Introduction to Kubernetes

Joshua Hall

In this article you’re going to get a basic understanding of the next step in the evolution of Docker: Kubernetes.


Since adding installation instructions for each particular OS would make this article extremely long, I’m going to try and point you in the right direction.

There are three main things you need, kubectl (read as cube-c-t-l), minikube, and depending on your OS and version you’ll either need to enable HyperV for some versions of Windows 10 or install VirtualBox for most other systems.

Minikube is what what will be handling our Kubernetes clusters and kubectl will allow us to interact with them at the command line. HyperV and VirtualBox are what creates the virtual machines our Kubernetes clusters will run in.

If everything went well you should be able to go into the terminal and type kubectl get pods and get one running result.

What is Kubernetes?

Kubernetes, which you’ll often see shortened to k8s, is a more advanced system for managing multi-container based apps meant to allow for multiple instances of a container to be created or destroyed to match a workload.

Imagine you have an app that takes an image, performs some operation on it like compression or converting to greyscale, and returns it to the user. The app is split into four separate containers: NGINX, server, client, and the image processor.

Now that 10 people are using the app the service hosting our containers, like AWS, will handle this by duplicating our entire set of containers. Doesn’t that seem a bit wasteful, why create a new NGINX container per visiter? Because while having a single NGINX container would be much more resourceful we would still need different instances of the image processor, since 100 or 1,000 users waiting on that one container to finish would be horrible.

Schema illustrating the multiple containers running in parallel

Kubernetes allows us to take a much more resourceful approach by having each containerized part of our app be able to generate as many needed containers for our workload. 50 users start uploading images and 50 image processor and client containers are generated inside their pod while there remains a single server and NGINX containers. When the job is done and the users have left, any unnecessary containers are destroyed. This a vast oversimplification, but our goal is to have something that looks a bit more like this.

Schema of how Kubernetes allows to split the workload into pods

As requests come in we have a master that tells pods what to do and redirects the load appropriately.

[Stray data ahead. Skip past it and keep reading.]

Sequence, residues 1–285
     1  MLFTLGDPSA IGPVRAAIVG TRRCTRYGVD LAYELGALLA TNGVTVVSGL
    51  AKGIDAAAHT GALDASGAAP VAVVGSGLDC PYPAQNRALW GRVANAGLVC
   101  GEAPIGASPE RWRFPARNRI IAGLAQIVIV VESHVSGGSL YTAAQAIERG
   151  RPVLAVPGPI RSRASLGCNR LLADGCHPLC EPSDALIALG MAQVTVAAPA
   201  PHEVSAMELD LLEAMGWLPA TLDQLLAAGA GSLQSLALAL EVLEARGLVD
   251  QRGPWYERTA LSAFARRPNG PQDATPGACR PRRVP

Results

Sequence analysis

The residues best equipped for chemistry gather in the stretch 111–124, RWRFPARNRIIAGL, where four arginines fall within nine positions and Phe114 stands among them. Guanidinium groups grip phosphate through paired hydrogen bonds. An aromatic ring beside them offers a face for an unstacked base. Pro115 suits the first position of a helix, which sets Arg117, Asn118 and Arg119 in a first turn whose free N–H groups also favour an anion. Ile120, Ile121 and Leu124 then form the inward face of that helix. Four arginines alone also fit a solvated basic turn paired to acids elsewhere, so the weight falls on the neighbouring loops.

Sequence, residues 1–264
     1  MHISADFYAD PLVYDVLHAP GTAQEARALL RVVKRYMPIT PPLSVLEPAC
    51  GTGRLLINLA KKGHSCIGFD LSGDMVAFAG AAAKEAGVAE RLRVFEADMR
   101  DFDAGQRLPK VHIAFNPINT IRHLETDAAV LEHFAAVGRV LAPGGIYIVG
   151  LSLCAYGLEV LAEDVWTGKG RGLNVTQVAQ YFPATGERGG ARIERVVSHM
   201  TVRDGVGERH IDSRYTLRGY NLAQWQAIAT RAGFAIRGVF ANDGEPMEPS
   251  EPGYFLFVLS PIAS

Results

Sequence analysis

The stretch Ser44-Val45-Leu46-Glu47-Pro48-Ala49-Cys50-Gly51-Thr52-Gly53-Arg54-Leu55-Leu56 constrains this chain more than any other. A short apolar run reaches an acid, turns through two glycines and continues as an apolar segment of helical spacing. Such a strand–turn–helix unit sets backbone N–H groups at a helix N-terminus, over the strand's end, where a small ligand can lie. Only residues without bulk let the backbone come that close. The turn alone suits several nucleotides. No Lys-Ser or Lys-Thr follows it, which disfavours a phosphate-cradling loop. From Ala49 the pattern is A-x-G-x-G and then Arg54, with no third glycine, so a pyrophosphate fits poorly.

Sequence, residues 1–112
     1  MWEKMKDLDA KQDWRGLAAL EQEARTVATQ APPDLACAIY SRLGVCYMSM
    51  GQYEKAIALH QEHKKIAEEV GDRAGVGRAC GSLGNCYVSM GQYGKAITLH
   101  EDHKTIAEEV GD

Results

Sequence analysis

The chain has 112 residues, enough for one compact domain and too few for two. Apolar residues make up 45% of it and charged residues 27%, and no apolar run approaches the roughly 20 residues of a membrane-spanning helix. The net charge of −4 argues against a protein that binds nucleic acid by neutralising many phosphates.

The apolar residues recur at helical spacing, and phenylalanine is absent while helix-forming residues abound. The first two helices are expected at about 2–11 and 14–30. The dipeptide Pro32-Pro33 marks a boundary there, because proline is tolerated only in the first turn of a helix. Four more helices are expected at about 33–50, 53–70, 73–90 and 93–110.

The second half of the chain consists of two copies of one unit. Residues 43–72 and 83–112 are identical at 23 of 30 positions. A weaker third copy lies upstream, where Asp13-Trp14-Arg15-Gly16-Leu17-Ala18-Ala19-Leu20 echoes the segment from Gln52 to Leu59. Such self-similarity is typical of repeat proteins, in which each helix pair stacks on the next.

Kubernetes Objects

While there are quite a few objects you’ll have available to you, there are three main ones you have to worry about:

  • Pods are our container generators, each containerized part of our application that may need multiple instances will be put inside its own pod.
  • Services are how to take our cluster of pods, manage the networking between them, and make them accessible to the outside world.
  • Deployments allow us to handle groups of pods dynamically. We are able to give some configuration like how many pods we want and the state of each while Kubernetes will constantly be looking to fix any inconsistencies between a pod and what we declared our desired state to be. You normally will be working with deployments in any production app instead of directly managing pods themselves.

How We Work with Kubernetes

A lot of what you’re going to be doing with Kubernetes will be in setting up the configuration. We’re going to be creating yaml files for each object we want to work with. The goal of each of these is to pull your existing images on DockerHub, add any necessary metadata, and set up its relationships to other objects. Unlike the simplicity of working with Docker Compose, the networking can be a bit more involved.

Why Bother?

  • By only creating the necessary containers for our workload, we can save a lot on the cost and use of servers, especially if you’re using a 3rd party service like AWS or Google Cloud.
  • Kubernetes, and many 3rd party services, have a lot very helpful tools for monitoring the state and performance of your clusters.
  • When working with a moderate or large amount of servers, being able to declare the desired state for each object and let Kubernetes handle everything makes quickly scaling up significantly easier.


Amid the swarm of verbose and vague descriptions of what Kubernetes is and does that are floating around out there, I hope this was a gentle-enough introduction to something that, at least for me, can quickly become overwhelming especially when you’re new to DevOps.

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